HIV Self-testing acceptable to vocational students in South Africa

High acceptability of HIV self-testing among technical vocational education and training college students in Gauteng and North West province: what are the implications for the scale up in South Africa?

Mokgatle MM, Madiba S. PLoS One. 2017 Jan 31;12(1):e0169765. doi: 10.1371/journal.pone.0169765. eCollection 2017.

Background: Although HIV self-testing (HIVST) is globally accepted as an important complement to existing HIV testing approaches, South Africa has lagged behind in its adoption. As a result, data on the acceptability and uptake of HIVST is limited. The study investigated the acceptability of HIVST among students in Technical Vocational Education and Training (TVET) colleges in two provinces in South Africa.

Methods: A cross-sectional survey using a self-administered structured questionnaire was used to collect data among 3662 students recruited from 13 TVET colleges.

Results: The mean age of the students was 21.9 years. The majority (80.9%) were sexually active; while 66.1% reported that they had one sexual partner, and 33.9% had two or more sexual partners in the past year, and 66.5% used condoms during the last sexual act. Three-quarters tested for HIV in the past year but less than half knew about HIVST prior to the survey. The acceptability of HIVST was high; about three-quarters showed a willingness to purchase a self-test kit and a majority would self-test with partners. Acceptability of HIVST was associated with being sexually active (OR = 1.73, p = 0.02, confidence interval (CI): 1.08-2.75), having ever been tested for HIV (OR = 1.74, p = 0.001, CI: 1.26-2.38), and having multiple sexual partners (OR = 0.61, p = 0.01, CI: 0.42-0.88). Three-quarters would confirm test results at a local health facility. In terms of counselling, telephone hotlines were acceptable to only 39.9%, and less than half felt that test-kit leaflets would provide sufficient information to self-test.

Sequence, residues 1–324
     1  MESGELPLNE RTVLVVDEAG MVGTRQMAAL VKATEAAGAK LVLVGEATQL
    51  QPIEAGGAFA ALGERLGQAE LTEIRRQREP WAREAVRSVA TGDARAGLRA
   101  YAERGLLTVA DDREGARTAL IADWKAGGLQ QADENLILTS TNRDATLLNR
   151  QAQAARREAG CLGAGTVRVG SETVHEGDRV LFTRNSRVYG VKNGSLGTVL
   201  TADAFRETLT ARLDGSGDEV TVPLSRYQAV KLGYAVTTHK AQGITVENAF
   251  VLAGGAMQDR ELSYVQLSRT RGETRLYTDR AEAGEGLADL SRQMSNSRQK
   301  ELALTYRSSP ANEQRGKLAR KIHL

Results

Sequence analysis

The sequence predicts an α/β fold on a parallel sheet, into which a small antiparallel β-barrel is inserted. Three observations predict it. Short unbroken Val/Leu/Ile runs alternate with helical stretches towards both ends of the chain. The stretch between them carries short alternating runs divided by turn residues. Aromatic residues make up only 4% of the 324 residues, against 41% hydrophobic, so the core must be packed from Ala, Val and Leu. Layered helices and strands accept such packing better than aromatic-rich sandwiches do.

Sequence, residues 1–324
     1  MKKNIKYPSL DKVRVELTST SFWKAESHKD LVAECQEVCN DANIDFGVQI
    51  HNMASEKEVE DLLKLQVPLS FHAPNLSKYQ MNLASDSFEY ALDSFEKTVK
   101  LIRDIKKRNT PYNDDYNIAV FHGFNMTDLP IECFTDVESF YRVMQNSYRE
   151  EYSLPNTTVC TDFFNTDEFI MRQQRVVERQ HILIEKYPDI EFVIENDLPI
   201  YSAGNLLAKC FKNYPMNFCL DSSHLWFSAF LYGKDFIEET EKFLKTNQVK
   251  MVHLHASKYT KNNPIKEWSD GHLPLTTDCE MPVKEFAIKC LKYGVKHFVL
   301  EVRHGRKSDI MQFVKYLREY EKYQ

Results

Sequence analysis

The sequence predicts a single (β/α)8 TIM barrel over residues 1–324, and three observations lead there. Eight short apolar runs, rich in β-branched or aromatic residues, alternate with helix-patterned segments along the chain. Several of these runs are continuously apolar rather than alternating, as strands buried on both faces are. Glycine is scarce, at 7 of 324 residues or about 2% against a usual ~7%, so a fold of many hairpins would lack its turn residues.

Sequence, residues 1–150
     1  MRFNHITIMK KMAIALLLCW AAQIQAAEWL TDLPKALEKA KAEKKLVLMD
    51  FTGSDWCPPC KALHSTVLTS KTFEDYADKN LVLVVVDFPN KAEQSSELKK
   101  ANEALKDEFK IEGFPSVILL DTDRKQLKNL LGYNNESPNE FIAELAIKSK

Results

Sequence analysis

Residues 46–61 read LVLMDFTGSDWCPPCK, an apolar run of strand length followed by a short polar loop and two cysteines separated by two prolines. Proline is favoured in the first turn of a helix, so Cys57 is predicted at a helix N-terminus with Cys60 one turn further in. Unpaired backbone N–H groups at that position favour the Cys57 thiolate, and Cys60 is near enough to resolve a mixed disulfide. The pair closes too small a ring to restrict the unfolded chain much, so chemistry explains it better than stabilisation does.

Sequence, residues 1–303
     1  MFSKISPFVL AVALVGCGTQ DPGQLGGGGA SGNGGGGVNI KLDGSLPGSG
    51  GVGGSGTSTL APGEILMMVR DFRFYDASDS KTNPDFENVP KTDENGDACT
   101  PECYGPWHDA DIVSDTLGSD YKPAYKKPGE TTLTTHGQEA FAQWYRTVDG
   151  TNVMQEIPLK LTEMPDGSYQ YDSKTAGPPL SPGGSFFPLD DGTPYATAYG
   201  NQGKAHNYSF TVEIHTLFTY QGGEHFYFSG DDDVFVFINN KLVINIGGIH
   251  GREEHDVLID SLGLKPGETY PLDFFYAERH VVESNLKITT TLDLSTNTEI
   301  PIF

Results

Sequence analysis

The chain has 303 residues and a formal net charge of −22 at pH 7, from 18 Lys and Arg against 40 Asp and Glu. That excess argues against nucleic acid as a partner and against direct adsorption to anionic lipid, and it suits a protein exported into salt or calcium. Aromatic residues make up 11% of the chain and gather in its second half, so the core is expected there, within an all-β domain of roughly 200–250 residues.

Interpretations: The high acceptability of HIVST among the students calls for extensive planning and preparation for the scaling up of HIVST in South Africa. In addition, campaigns similar to those conducted to promote HIV counselling and testing (HCT) should be considered to educate communities about HIVST.

Abstract [1]  Full-text [free] access   [2]

Editor’s notes: The percentage of people living with HIV who know their status (the first 90 of the UNAIDS 90:90:90 treatment target) has been consistently well below the stated target in national HIV treatment cascades. HIV self-testing is an exciting strategy being used to increase the uptake of testing, and has recently been adopted in South Africa. This study had two aims; firstly to assess the participants attitudes to currently available HIV counselling and testing services and secondly to assess the level of acceptability of HIV self-testing. The study population were students in technical and vocational education and training colleges in South Africa.

Among people who had not tested for HIV in the past year, reasons given for non-uptake of testing (other than a low perception of risk) included a fear of stigma associated with a positive test or a lack of comfort with testing in a hospital setting. Less than half of participants had heard of HIV self-testing, but when the concept was explained to them, around 80% expressed a willingness to use it if it was available, and 70% were willing to purchase the self-test kit. These results are consistent with other studies of HIV self-testing uptake and acceptability in sub-Saharan Africa.

The stated willingness of participants to present at a clinic for a confirmatory test is encouraging. However, this may not reflect actual behaviour, especially in a setting where there is currently no plan or system to link people with positive HIV self-test results to a clinic for confirmatory testing. However, the drive to improve counselling and linkage around self-testing needs to be balanced against the fundamental principle for HIV self-testing to allow choice for users to test without the need for a health worker to be present, and the privacy associated with this. Further work may include assessing acceptability of using remote services to complement HIV self-testing such as telephone hotlines or other counselling strategies. 

Africa [9]
South Africa [10]
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